Children can grow up naturally and freely without the hopes and fears and transaction-based love that parents in modern cultures often place upon their children. Essence love can flourish and penetrate the whole cultural and social environment. Happy for no reason, to be a healthy human being, comes out of this. We can feel this in many of the Bhutanese people if we go to a public gathering. They naturally enjoy themselves, are relaxed, yet everything is also clean and well organized, too. They balance a more open and playful sense of time with attention to changing conditions with the need for appropriate structure or containers.
Q: Can you tell us how it was for you being on pilgrimage with many of your students and family (your grandfather and mother) and introducing all of us to so many sacred places? You have such an incredibly busy teaching schedule and a myriad of commitments throughout the world, yet you chose to spend all these weeks leading this journey. Why did you do this?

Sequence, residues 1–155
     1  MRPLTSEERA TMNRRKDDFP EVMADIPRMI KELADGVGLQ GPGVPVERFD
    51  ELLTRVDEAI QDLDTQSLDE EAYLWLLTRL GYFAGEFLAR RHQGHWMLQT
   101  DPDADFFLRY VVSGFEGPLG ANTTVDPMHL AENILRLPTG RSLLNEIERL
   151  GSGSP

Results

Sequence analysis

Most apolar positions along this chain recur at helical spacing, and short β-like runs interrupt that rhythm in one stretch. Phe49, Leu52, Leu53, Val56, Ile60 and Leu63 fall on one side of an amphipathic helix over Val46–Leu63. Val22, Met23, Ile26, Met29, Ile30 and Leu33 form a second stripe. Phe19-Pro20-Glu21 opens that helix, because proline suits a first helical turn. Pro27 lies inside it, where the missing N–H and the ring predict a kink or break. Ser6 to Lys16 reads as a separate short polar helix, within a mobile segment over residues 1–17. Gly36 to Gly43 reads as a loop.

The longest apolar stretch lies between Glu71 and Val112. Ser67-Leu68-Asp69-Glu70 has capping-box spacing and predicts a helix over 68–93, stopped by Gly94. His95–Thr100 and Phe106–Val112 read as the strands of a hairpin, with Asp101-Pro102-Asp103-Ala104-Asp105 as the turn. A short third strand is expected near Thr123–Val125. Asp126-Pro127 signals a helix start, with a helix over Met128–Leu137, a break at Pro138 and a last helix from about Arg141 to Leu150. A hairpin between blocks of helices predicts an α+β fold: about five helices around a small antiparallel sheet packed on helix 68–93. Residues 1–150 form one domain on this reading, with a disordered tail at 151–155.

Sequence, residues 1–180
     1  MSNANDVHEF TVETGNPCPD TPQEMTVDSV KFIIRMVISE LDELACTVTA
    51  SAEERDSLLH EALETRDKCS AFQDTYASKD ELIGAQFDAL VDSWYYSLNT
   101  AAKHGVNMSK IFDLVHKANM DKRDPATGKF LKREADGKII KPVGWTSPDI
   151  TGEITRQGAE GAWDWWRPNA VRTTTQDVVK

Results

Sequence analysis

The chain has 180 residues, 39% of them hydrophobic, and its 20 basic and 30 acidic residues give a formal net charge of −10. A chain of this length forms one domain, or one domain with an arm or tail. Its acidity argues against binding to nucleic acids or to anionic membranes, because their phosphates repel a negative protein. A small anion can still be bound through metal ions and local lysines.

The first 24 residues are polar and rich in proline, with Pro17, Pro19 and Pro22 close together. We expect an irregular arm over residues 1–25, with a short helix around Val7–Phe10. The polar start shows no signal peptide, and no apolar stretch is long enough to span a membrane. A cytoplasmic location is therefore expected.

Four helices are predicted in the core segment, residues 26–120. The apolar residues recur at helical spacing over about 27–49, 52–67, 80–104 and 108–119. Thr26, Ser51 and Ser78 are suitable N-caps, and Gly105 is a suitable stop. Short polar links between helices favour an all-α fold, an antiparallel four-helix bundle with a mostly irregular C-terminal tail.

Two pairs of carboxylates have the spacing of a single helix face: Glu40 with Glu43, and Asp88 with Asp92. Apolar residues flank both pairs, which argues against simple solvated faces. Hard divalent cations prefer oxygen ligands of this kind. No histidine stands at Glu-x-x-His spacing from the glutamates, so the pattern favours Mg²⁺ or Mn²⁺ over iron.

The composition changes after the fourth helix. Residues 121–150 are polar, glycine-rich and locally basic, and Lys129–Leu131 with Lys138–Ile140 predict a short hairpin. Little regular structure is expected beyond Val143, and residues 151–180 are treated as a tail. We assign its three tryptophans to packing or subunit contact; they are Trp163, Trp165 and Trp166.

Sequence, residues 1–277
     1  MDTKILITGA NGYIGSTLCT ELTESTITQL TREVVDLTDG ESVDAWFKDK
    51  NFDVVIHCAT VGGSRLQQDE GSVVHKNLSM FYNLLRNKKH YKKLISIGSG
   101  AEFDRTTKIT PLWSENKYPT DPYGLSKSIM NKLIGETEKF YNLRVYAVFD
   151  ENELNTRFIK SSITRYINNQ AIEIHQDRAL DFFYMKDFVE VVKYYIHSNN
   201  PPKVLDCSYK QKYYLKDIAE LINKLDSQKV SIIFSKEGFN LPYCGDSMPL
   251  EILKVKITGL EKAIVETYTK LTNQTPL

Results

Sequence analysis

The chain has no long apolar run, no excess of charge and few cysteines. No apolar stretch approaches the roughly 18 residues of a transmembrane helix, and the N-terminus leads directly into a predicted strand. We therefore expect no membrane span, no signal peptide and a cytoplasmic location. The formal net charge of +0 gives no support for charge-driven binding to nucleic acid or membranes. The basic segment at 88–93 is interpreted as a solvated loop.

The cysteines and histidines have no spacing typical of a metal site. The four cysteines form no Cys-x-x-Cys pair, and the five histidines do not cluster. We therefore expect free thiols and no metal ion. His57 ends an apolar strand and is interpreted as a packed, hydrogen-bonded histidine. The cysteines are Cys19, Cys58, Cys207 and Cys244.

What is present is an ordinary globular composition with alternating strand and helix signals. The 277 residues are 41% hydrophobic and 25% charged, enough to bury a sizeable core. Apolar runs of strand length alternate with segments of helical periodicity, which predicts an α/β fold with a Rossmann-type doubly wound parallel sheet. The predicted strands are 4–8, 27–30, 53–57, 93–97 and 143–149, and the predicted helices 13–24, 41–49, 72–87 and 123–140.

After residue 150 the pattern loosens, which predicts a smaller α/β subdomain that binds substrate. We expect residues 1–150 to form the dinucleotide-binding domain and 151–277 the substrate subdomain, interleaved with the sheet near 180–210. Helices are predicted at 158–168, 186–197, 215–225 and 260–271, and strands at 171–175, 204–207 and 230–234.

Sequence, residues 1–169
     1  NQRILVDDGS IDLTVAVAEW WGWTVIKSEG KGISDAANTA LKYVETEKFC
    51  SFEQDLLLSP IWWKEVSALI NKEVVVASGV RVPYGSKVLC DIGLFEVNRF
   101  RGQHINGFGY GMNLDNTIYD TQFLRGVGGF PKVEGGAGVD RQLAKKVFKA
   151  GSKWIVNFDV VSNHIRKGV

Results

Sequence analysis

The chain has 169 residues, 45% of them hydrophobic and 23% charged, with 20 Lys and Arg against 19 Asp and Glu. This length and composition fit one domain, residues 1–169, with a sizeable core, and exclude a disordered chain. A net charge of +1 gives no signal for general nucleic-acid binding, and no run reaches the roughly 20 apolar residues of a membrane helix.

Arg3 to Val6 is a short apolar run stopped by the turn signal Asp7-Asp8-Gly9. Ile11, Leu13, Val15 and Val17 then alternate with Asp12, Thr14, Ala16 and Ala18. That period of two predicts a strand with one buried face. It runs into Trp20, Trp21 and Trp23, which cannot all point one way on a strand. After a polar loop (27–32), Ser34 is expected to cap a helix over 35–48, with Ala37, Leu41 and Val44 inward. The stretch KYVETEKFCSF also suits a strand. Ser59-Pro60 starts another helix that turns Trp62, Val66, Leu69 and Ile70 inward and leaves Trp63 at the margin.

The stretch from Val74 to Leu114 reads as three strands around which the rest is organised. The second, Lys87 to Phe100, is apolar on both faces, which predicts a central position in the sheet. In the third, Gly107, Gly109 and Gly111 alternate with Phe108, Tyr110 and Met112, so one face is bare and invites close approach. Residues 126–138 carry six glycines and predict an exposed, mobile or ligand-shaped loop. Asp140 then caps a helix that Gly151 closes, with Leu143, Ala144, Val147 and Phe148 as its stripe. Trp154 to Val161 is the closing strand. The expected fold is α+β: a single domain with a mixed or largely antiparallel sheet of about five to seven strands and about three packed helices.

Pharping, Nepal: Guru Rinpoche cave and Guru Rinpoche rupa
A: When I was young I enjoyed going to sacred places and how going to them could really benefit practice. So when my students asked me to lead a pilgrimage to many of these places, I felt when the time was right it would be good to do. Also, my grandfather, who is 96, had always wanted to see Bhutan. He wanted to go where the continuous presence of Guru Rinpoche and many other masters was alive and strong. We combined the already planned consecration at Chumig Gyatsa with a pilgrimage to the four sacred sites of the Buddha’s life and Bhutan, I felt this would be a wonderful thing to do.
Chokyi Nyima Rinpoche and Tsoknyi Rinpoche